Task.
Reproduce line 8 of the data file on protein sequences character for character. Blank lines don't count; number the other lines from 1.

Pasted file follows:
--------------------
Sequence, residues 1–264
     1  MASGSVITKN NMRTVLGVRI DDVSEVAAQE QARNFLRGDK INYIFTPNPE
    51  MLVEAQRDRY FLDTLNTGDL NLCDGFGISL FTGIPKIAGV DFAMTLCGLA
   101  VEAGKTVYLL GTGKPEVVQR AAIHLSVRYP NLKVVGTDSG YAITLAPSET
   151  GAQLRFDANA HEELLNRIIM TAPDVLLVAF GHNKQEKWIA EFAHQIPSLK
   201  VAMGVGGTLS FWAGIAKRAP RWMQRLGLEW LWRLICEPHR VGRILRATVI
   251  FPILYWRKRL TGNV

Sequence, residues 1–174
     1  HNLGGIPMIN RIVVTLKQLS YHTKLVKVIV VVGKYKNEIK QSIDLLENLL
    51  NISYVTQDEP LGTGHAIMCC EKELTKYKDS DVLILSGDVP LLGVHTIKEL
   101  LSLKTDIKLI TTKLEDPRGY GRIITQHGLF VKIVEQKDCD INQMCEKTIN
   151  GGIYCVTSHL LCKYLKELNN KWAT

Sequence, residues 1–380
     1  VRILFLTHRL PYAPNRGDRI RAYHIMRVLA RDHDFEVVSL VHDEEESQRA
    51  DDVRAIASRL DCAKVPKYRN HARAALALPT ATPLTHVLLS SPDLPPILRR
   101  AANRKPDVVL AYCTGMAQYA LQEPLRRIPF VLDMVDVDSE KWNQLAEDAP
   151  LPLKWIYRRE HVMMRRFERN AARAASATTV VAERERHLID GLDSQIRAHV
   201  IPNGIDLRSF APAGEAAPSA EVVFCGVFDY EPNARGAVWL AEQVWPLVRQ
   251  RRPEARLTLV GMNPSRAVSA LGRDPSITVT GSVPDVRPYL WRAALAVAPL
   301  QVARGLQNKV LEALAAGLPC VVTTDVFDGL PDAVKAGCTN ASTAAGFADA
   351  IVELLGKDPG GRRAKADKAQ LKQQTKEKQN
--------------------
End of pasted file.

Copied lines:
Sequence, residues 1–174